Editorial: GOP vs. CNN? This fight’s not worth it
If you’re a TV network hoping to lure easily distracted viewers, are you more likely to produce:
(A) A gushy love letter to a well-known public figure or
(B) A high-drama story filled with political intrigue, international tension, big wins, big losses and a sex scandal or two involving a recklessly cheating spouse?
Our guess is (B). And if the subject at hand is Hillary Clinton, there’s more than enough polarizing controversy in her long, public career to fill an hour or two.
That’s what makes the latest GOP dustup such a mystery.
National Republican Party Chairman Reince Priebus this week threatened to refuse to team up with CNN or NBC on any 2016 presidential primary debates if the networks don’t pull the plug on their planned documentaries about Clinton, the former secretary of state, first lady and U.S. senator – and a possible candidate for president. NBC has said it plans a mini-series about Clinton with actress Diane Lane as the star. CNN is planning a feature-length documentary about her as well.
Priebus said he would seek a binding vote at the Republican National Committee’s summer meeting this month to formalize the boycott and called the planned TV shows a “thinly-veiled attempt at putting a thumb on the scales of the 2016 presidential election.”
His worries – and his threat – were quickly echoed by New Hampshire GOP Chairwoman Jennifer Horn.
“Chairman Priebus raises valid concerns in his letter to NBC and CNN executives, and I will support his resolution if it comes up for a vote at the RNC summer meeting,” Horn said in a written statement. “Republican presidential candidates should not be forced to participate in debates that are hosted by networks that choose to actively promote Democrats. I will also recommend that the New Hampshire Republican State Committee Executive Board support a ban on co-sponsoring debates with NBC or CNN unless Chairman Priebus’s concerns are addressed.”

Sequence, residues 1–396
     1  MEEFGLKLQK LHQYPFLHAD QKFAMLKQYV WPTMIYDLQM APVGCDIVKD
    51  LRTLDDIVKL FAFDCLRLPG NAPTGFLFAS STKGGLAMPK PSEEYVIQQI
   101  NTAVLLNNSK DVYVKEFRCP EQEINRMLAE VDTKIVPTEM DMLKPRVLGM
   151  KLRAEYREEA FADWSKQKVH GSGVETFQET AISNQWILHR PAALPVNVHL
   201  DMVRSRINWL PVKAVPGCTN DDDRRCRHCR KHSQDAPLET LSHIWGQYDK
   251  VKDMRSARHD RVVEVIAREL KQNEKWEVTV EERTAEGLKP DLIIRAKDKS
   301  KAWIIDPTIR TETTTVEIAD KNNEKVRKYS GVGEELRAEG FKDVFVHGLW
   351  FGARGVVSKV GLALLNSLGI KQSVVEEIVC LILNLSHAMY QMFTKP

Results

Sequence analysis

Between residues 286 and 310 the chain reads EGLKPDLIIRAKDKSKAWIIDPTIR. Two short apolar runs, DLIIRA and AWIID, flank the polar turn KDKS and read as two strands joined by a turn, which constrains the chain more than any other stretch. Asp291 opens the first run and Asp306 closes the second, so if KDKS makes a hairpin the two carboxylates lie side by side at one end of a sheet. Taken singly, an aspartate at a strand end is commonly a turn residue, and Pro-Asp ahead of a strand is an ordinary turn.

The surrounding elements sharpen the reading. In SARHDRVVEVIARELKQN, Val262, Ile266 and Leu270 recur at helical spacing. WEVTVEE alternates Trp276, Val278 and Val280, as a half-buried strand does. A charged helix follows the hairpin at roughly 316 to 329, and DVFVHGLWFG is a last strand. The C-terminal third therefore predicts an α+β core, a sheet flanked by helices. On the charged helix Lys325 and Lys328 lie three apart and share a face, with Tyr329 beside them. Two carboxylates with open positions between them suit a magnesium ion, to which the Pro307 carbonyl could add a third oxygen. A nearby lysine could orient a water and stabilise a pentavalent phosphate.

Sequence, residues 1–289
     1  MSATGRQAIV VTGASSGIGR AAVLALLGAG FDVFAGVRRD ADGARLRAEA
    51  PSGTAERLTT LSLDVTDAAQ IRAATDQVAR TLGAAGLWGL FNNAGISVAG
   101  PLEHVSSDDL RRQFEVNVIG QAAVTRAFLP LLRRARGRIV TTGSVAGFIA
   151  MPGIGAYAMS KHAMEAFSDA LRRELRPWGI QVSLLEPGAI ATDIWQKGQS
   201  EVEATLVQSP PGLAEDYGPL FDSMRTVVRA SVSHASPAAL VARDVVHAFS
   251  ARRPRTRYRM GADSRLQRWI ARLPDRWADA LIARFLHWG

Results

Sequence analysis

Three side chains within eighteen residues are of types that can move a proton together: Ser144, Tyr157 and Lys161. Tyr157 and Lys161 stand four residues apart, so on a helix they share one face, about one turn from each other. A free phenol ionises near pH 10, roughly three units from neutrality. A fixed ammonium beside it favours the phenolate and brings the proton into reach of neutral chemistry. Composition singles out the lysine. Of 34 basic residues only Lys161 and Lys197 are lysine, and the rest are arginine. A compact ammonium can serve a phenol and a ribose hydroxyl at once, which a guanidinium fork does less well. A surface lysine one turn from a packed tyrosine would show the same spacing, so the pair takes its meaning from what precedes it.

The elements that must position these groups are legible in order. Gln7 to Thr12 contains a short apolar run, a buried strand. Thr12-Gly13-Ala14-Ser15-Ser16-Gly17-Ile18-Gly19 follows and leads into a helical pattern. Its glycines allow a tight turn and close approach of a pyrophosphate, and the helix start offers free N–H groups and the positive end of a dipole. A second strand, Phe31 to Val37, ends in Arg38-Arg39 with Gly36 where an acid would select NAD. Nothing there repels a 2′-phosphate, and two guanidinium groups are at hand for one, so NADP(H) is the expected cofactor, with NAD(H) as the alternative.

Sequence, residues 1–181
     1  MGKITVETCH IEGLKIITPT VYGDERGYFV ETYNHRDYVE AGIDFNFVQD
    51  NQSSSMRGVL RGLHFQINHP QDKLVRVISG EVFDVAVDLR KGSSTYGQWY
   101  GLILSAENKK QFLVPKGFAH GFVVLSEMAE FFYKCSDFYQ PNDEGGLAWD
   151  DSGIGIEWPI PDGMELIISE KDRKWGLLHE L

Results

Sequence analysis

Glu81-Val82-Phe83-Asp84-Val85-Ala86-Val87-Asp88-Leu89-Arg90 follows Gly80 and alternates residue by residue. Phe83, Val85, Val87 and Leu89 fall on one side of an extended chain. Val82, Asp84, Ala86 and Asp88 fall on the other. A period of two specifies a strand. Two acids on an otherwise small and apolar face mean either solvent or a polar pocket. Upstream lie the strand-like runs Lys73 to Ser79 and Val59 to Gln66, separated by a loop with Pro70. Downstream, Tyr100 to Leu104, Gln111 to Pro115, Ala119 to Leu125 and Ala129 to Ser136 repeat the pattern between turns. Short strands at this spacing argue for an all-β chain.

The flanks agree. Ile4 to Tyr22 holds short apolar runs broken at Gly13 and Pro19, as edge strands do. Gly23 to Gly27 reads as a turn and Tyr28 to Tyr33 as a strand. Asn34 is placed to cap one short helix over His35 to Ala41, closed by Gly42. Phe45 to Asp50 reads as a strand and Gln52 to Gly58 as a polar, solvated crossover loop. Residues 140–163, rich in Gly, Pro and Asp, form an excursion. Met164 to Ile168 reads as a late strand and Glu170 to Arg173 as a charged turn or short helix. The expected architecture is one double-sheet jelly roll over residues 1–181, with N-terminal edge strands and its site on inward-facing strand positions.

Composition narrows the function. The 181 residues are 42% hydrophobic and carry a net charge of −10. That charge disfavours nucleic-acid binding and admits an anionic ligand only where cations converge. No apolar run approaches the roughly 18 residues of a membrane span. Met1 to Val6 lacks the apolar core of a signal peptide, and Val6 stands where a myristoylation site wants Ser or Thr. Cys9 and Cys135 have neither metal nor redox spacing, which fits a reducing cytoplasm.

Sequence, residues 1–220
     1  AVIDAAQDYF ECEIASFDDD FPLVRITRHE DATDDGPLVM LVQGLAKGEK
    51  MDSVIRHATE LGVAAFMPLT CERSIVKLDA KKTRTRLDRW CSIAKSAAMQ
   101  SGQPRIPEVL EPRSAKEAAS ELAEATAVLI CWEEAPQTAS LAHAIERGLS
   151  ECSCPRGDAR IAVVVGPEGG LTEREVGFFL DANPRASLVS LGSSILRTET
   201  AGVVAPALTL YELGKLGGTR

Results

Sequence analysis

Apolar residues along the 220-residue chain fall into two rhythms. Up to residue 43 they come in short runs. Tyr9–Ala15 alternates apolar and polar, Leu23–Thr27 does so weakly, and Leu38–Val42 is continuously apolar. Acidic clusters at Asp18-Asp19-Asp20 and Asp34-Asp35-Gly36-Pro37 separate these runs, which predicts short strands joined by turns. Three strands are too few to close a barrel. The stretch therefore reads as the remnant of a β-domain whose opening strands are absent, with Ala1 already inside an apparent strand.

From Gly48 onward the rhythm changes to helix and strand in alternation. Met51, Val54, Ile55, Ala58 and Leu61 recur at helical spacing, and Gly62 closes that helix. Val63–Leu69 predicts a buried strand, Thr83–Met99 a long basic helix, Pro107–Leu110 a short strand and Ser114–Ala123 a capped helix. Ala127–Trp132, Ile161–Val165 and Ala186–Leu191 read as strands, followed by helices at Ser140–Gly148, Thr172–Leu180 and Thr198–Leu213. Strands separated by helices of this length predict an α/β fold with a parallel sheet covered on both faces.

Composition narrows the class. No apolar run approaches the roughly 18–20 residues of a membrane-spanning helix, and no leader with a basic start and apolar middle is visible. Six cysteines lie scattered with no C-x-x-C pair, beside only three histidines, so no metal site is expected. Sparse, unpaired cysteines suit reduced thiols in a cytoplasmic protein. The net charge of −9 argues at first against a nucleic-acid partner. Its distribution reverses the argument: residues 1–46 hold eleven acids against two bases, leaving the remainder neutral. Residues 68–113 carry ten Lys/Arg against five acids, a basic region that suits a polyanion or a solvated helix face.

Without seeing these still-unproduced projects, Priebus and Horn seem to imagine that they’ll be little more than free political ads for Clinton – precisely the sort of thing that cause most TV viewers to switch to Netflix in a hurry. Or perhaps they believe that even negative publicity (Remember Whitewater? Hillarycare? Monica? Benghazi? The 2008 election?) helps Clinton in 2016 – not exactly a ringing endorsement of the field of would-be Republican candidates.
We’d urge Priebus and Horn to take a deep breath and reconsider.
We understand how easy it is to rally true believers against the media, but does the Republican Party really need this fight? At a time when the party has acknowledged its need to reach out to a younger, broader constituency, stoking conspiracy theories can’t help. It’s quite possible that the GOP candidates for president might actually want to appear on CNN or NBC as a way of reaching beyond their Fox News base. It’s possible that refusing to cooperate with the big networks will keep some would-be voters from learning about the candidates.
It’s a long way to 2016, of course. But as the 2012 Republican race showed us, these elections and especially the primary debates can make great television. It will be in the interest of all the networks to pay attention and give viewers as much information about all the candidates as possible. And if the GOP wants the White House back, it should make that case to the broadest possible audience.